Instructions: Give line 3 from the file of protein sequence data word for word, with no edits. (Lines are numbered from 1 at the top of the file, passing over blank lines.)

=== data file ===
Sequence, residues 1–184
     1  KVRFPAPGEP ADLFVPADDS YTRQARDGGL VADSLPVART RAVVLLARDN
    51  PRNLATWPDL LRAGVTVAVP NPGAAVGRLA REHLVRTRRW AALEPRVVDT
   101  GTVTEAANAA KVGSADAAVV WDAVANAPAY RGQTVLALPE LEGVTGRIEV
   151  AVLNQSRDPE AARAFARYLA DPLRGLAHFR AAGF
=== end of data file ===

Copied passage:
    51  PRNLATWPDL LRAGVTVAVP NPGAAVGRLA REHLVRTRRW AALEPRVVDT